- Artificially setting healthcare standards means that there are no built-in market signals
In a free-market, demand for a good or service sets the prices for that product. But Medicare for All would remove a free-market, thus removing those built-in market signals. The government will also be artificially setting the prices of products. This will cause strong resentment from medical companies. If these companies do not have a free-market to make profit from their R&D, they are losing incentives to create new medicine and new medical devices. With Medicare for All, there are no mechanisms for the market to achieve efficiency.
The biggest victim of artificial signals in healthcare (besides consumers themselves) would be hospitals. Hospitals, while providing medical care and treatment, are ran like a typical business. They also use market signals to determine the needs of patients. Without these, there could be disproportionate funding in certain areas. Certain geographical areas could see too many hospitals, while others see too few. Hospitals may also be over and under-funded compared to the financial needs required to treat patients.
The American Hospital Association and the Federation of American Hospitals conducted a study evaluating a recent congressional proposal called Medicare-X. This policy would drop the “over 65” requirement for Medicare and would allow any individual to enroll. The study had key findings showing that hospital-based services would be disproportionally affected by substantial increases in Medicare (Koenig et al., 2019).
Medicare-X would increase the number of hospitals with negative margins. Over the first ten years after implementation, hospitals would lose $774 billion from lower reimbursement rates. Hospitals in non-metropolitan areas would have the largest impact. The study also concluded that the gains of increasing Medicare coverage would be modest relative to gains that could be achieved by strengthening existing characteristics of the Affordable Care Act (Koenig et al., 2019).
- Complete regulation of the healthcare system may jeopardize the United States’ lead in medical innovation
The United States consistently leads all OECD countries in medical research and development; the U.S. published more medical research papers and creates more drugs and medical treatment annually than other countries (Health Expenditure and Financing, 2019). The U.S. also has better lifesaving care than other developed countries(Marie-Turner, 2012).This is why it is not uncommon for an individual from a country with socialized medicine to travel to the United States for surgeries. The current healthcare market gives incentives to medical companies. For example, companies are incentivized to create new drugs because of the profit they can receive and patent protection which allows them to be the sole provider for specified period of time. But when the government increases regulations and artificially sets the prices rather than the market, medical companies will lose their incentives to innovate.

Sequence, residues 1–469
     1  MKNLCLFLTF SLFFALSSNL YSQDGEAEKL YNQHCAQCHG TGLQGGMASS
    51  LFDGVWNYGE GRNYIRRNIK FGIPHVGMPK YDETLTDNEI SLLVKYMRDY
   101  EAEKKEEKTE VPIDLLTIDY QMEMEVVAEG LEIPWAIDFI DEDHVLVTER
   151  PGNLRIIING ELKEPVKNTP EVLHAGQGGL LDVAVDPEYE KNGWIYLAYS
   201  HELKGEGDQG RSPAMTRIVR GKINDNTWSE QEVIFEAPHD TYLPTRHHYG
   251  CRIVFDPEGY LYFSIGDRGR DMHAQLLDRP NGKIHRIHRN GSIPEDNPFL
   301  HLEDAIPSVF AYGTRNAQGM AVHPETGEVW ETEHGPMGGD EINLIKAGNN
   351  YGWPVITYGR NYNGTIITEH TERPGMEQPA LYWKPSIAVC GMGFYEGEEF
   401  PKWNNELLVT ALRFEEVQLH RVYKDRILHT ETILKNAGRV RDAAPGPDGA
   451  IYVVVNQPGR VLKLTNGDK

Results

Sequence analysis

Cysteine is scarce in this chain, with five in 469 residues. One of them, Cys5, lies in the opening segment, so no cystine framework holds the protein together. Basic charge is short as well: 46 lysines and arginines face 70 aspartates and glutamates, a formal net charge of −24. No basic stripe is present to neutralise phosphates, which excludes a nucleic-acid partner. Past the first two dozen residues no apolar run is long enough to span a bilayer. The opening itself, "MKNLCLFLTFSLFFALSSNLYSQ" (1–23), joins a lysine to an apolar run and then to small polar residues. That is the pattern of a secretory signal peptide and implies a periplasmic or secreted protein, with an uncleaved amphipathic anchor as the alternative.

- While a singer-payer system may be affordable for individuals, it is not affordable for the country
Bernie Sanders’ Medicare for All plan would cost an estimated $32 trillion over the next decade (Blumberg et al, 2019). To pay for this plan, the senator has proposed various tax increases. First, he proposes a tax increase on all individuals with an income over $250,000 a year (Sanders, 2021). Second, he proposes a “wealth tax” on all net worth over $50 million. Recently, democratic politicians have also proposed an “unrealized gains” tax on assets. These sources of revenue would assist the government in paying for a single-payer system. However, many studies suggest that they will not go far enough.
Raising taxes on the top 1% of income earners has many economic consequences including job loss and decreased innovation. Regardless, experts have estimated that a tax increase on only the top 1% of American income-earners would still not be enough to fund Medicare for All (Blumberg et al, 2019). While middle class Americans will spend less on their medical bills, they will spend more on taxes. The country will also significantly increase the national debt, raising questions about a potential financial crisis in the future.
There are many hidden overhead costs in a single-payer system as well. A paper by economist Patricia Danzon suggests that the cost of risk bearing would be no higher under private insurance than public insurance. This is because private insurance diversifies risk through the market, while public insurance shifts the risks to taxpayers (Danzon, 1992). The overhead cost of a healthcare system would be lower in a competitive market because the government-funded system is a monopoly that has less incentives than private insurers do to account for all costs. This was proven in the Canadian single-payer system. The overhead costs in Canada, when adjusted to include hidden costs, was higher than the overhead costs of U.S. private insurers (Danzon, 1992).